Patterns generated by a kaleidoscope.

Image via Wikipedia

There is an entrancing iPhone app called videoscope.  It is a kaleidoscope that uses the phone’s camera to feed colors and patterns to the kaleidoscopic transformer within.  (You can even use your own face as fodder for transmogrification, which is usually grotesque.)  But unlike any traditional kaleidoscope, you can reduce or enlarge the image by “pinching,” just as with other images.  You can also set the whole frame spinning at any speed, which introduces a whole new riot of patterned colors.

To those of us who do find such abstractness captivating, what is it that captivates?  Do our minds just happen to like color and pattern, as our tongues like tastes?

I think there’s more to it than the fun of sensory stimulation.  To explain, consider these descriptions of what I see as I gently move the phone and watch the changing shapes upon the screen:

  • they break apart, then open up, then join hands
  • the little shapes are overtaken
  • symbols of cultures–a star of David, a Moroccan splay of stars & octagons–morph into others
  • hard angularity becomes expansive, turning inside out on itself
  • the contracting space at the tips of 3 triangles sucks itself into itself, then vanishes into nothing, then reappears at the edges, now the container of what had been contained

One need not have the phantasmagoric imagination of Carl Jung to read these descriptions as also applying to soul, that is, to psychological life.

  • In our relationships, we sometimes break apart, then open up, then find our way back together.
  • On a playground, in politics, at the office, “the little ones” may be overtaken.   Power exists everywhere.
  • Cultures are not as distinct as we often assume and as our language sometimes suggests.  When we look beneath the surface of any culture, we always find multiple influences, sometimes from precisely those cultures with which there is tension and conflict.  One tiny example:  Felafel, thought of by many as the signature Israeli food, is itself an Arabic word.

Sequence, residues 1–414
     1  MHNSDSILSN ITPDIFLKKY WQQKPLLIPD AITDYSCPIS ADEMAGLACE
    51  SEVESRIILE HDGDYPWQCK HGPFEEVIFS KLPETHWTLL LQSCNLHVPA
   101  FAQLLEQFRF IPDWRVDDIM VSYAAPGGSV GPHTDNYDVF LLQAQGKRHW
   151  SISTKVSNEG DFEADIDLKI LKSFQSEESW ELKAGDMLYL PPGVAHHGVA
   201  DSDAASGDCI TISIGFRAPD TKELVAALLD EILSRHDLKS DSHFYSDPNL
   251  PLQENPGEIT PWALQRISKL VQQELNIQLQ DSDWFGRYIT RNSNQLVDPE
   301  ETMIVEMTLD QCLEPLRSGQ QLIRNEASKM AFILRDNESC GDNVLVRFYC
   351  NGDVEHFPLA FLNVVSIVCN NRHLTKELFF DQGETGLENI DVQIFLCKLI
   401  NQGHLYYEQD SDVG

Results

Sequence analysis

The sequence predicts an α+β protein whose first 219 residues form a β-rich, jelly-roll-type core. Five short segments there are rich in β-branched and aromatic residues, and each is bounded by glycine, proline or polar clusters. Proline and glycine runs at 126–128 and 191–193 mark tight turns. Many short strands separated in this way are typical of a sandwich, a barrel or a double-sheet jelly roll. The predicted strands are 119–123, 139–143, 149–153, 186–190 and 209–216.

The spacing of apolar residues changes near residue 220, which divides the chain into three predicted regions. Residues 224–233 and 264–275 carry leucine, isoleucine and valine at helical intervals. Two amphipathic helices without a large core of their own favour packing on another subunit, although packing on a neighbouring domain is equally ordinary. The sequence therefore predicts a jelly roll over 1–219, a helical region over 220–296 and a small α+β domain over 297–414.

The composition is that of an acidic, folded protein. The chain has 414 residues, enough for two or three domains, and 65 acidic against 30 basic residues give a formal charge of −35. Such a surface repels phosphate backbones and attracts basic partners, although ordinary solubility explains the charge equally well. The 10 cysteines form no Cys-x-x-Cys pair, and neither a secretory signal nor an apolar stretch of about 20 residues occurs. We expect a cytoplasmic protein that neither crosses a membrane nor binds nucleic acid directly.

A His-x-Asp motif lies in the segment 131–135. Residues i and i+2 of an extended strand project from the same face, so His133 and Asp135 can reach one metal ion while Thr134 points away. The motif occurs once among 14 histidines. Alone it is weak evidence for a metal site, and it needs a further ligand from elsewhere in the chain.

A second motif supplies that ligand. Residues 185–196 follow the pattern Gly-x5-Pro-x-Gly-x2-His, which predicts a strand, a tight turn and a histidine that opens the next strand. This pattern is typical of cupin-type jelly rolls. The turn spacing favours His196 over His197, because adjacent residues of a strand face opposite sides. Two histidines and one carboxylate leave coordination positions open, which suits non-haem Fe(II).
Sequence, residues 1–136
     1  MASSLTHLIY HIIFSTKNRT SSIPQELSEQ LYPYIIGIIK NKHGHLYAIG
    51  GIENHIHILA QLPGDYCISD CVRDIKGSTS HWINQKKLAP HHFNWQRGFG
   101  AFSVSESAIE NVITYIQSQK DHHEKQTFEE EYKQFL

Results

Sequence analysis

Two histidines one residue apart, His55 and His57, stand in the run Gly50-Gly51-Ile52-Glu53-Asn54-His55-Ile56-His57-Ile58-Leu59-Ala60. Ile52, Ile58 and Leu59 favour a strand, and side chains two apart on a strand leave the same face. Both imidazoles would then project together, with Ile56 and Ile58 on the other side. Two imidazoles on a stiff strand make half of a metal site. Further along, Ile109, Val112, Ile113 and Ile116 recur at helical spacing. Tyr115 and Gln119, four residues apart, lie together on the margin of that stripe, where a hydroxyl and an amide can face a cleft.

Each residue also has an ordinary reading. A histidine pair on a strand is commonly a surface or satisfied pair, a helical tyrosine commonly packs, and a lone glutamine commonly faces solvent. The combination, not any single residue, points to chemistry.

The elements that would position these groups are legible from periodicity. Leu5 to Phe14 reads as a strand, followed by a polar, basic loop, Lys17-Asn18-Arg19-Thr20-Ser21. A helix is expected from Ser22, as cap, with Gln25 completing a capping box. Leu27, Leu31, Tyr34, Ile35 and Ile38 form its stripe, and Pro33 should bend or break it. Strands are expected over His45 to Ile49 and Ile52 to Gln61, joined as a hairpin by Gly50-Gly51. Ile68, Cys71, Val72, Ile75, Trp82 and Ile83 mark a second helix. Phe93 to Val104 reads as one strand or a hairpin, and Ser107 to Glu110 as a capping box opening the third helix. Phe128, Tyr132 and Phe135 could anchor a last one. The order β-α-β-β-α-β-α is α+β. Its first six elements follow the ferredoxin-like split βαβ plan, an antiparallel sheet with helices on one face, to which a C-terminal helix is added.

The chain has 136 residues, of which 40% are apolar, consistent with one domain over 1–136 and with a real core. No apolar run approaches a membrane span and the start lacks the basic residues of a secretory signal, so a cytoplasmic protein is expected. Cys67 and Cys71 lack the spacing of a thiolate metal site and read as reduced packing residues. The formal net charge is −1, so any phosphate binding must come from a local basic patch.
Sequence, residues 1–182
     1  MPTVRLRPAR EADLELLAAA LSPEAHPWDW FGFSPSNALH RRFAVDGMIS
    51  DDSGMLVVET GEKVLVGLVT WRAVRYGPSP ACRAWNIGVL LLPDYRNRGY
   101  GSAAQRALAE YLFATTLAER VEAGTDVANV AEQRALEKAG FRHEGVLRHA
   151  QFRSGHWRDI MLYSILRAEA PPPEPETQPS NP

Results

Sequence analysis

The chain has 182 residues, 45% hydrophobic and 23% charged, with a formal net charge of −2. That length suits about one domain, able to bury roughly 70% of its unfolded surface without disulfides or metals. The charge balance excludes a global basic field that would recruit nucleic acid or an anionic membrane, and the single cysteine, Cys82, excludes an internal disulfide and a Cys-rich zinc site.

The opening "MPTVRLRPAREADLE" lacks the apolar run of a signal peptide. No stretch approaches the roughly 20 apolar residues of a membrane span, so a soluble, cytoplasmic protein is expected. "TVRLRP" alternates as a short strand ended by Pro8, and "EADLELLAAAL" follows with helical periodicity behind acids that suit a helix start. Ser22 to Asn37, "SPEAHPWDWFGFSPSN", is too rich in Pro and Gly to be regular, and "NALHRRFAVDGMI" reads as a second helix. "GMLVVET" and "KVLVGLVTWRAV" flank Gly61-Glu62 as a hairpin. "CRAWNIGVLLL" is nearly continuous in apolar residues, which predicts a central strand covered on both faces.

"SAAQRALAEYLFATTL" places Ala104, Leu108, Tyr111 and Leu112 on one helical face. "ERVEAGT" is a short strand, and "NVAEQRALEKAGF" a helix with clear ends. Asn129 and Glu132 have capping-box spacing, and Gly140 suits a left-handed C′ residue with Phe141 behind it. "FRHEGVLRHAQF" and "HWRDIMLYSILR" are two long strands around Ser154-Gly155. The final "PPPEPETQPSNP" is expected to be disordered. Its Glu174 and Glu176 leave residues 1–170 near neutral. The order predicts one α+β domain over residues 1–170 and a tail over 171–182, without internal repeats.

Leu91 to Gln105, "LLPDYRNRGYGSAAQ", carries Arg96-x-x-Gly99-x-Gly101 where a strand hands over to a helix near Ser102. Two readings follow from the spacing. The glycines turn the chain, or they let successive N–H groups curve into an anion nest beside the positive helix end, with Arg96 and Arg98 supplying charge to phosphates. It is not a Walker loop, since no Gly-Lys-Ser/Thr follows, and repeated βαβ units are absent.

• Sometimes we feel, act, and even look angular, sharp, harsh, judgmental; then something shifts within us, the shell recedes and the inside comes out.
  • The final image may have sexual associations or a hundred others.

In these ways, the shapes and their transformations in the amazing iPhone kaleidoscope behave as symbols.  The abstractness of shape and color conveys feeling.

Of course this is what music is, with sound.  Sound–when it is organized and patterned–carries emotion.  No accident that sight metaphors are used to describe music:  a chromatic scale, a blue note.  And colors come in tones.

Moods and feelings may be described similarly:  feeling grey, feeling blue, seeing things through rose-colored glasses, “purple prose.”  Feelings exist, and very strongly, though they may be abstract, like tone and color.

Sometimes a person in therapy will say, “I don’t know why I feel this so strongly.  I mean, it [the original experience] wasn’t such a big deal, and it happened 15 years ago!”  It can be very frustrating to feel pushed around by strong feelings that have come unmoored from specific causes.  They are like the cold spots in a lake.  They shift around, surprise us, change us.

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